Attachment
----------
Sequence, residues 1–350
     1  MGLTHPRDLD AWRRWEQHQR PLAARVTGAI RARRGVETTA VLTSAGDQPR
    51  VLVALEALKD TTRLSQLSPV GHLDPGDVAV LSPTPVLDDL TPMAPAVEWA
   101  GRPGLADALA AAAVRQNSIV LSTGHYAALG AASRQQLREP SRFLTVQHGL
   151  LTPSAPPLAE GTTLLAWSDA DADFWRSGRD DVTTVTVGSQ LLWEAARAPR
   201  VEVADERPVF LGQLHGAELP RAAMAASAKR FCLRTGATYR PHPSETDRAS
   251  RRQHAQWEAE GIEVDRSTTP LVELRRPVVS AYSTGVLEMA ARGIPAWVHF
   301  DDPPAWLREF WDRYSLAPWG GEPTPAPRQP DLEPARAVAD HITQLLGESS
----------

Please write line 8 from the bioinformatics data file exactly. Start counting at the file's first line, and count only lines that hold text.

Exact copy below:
   301  DDPPAWLREF WDRYSLAPWG GEPTPAPRQP DLEPARAVAD HITQLLGESS